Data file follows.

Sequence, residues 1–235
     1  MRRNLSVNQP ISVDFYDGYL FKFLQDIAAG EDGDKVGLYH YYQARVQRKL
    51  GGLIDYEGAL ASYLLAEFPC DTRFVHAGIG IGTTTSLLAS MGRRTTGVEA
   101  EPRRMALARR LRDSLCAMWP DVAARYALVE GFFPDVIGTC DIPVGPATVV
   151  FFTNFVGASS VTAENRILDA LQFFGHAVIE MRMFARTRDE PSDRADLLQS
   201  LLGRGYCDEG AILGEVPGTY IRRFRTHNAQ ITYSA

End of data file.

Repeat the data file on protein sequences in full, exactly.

Sequence, residues 1–235
     1  MRRNLSVNQP ISVDFYDGYL FKFLQDIAAG EDGDKVGLYH YYQARVQRKL
    51  GGLIDYEGAL ASYLLAEFPC DTRFVHAGIG IGTTTSLLAS MGRRTTGVEA
   101  EPRRMALARR LRDSLCAMWP DVAARYALVE GFFPDVIGTC DIPVGPATVV
   151  FFTNFVGASS VTAENRILDA LQFFGHAVIE MRMFARTRDE PSDRADLLQS
   201  LLGRGYCDEG AILGEVPGTY IRRFRTHNAQ ITYSA